Satellite data was used in 29 studies and was the most frequently used source of big data. For example, one of the included studies examined the coverage of measles outbreak vaccines in Niger. The study merged satellite derived measurements of population distribution with high resolution measles cases reported in the country. This was closely followed by cellphone call detail record (CDR), which was used in 27 studies. A study in Haiti aimed to assess whether CDR could predict early spatial evolution of the cholera epidemic. Furthermore, findings from our map show that the largest number of big data studies related to epidemics have been conducted in Sub-Saharan Africa, with the fewest in the Middle East and North Africa.
The map highlights a significant evidence gap when it comes to studies related to epidemics in fragile contexts. In terms of the overall evidence gaps in other health outcomes, fatalities due to road accidents, substance abuse and sexual and reproductive health services have seldom been studied.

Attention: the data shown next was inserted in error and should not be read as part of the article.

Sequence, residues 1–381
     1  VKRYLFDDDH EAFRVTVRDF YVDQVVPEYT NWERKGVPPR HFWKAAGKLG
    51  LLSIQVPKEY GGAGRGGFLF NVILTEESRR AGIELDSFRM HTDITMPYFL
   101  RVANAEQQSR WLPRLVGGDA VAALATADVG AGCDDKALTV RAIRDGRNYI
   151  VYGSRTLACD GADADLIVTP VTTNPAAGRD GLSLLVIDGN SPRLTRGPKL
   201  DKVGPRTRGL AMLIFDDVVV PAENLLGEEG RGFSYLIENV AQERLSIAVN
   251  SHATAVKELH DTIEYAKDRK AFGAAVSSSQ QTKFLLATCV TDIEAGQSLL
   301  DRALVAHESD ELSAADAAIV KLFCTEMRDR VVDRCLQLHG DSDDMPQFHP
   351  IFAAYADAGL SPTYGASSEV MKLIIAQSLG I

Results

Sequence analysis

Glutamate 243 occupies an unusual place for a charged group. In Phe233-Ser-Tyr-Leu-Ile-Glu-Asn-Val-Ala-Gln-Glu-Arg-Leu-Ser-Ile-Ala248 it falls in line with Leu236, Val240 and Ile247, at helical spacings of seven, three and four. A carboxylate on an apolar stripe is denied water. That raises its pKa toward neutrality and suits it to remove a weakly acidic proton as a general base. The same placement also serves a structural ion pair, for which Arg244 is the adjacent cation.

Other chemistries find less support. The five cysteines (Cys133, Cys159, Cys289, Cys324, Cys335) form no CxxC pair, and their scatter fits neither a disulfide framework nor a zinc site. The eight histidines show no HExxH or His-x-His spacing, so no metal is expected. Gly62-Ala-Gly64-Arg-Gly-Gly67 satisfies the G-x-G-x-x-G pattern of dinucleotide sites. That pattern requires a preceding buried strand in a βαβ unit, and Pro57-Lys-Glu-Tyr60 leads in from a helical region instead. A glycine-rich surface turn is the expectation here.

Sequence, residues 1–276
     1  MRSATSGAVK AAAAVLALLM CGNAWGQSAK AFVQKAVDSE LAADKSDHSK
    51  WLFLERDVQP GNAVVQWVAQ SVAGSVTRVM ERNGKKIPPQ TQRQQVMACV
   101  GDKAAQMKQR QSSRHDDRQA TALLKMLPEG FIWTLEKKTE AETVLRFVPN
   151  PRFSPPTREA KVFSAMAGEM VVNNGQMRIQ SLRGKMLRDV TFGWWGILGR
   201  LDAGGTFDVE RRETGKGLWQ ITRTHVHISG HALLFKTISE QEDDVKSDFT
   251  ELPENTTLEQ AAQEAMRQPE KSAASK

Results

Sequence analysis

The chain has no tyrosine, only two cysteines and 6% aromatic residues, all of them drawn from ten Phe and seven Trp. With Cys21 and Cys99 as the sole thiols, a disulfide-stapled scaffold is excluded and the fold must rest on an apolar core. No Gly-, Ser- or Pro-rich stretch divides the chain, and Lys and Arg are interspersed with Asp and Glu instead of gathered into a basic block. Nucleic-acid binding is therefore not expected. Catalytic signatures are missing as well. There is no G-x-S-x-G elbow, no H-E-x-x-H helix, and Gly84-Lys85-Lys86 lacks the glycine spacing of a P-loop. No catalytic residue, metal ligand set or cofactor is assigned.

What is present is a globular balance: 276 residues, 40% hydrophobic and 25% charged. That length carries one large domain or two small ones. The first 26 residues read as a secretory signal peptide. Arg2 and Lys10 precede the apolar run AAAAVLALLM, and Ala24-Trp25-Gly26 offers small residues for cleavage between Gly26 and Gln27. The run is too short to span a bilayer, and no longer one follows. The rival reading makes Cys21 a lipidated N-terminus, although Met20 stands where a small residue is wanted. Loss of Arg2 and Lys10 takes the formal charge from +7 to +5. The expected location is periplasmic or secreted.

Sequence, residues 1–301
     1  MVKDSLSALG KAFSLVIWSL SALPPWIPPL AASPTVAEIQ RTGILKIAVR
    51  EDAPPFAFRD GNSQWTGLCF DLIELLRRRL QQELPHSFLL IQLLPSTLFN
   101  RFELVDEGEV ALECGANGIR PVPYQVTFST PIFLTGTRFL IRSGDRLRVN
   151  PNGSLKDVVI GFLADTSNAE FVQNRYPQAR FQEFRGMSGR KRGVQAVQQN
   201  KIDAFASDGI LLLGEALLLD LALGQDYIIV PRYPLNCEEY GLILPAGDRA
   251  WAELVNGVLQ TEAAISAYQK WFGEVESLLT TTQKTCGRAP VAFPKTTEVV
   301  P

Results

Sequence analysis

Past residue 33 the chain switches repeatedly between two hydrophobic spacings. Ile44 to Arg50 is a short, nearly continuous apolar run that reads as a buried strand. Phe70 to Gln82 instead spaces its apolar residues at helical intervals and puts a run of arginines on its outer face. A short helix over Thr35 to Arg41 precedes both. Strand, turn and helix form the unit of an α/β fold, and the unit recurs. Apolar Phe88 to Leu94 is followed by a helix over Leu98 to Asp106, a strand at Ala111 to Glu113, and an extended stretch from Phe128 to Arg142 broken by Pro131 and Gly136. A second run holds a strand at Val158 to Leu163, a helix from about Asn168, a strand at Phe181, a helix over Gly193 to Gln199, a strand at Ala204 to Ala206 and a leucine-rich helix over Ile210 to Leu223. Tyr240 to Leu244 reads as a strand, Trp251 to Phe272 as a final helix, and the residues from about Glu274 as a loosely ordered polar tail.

Figure: Which health outcomes did studies using big data investigate?
Big data and Covid-19
With the exponential rise in the number of coronavirus cases, big data has the potential to help detect outbreaks. Bringing together data from a variety of sources, we can be using algorithms to analyse health records and trace the contact history of patients to help identify patterns of virus spread. These applications may be able to demarcate not just current zones with high number of cases but also help in predicting future outbreaks with the help of movement and contact tracing. One artificial intelligence technique called Natural Language Processing (NLP) deserves mention here. By analysing regular human interactions in the form of text and speech, NLP can help attribute more meaning to human communication. It can be used to scan social media links and online news reports, potentially raise an alarm when there are any new COVID-19 related developments in the world. NLP and other big data techniques may also be used in incident detection so that in the future, such health emergencies are tackled promptly. Despite significant advances in recent years, these technologies are still new and many implementation challenges such as information overload and data ambiguities, remain.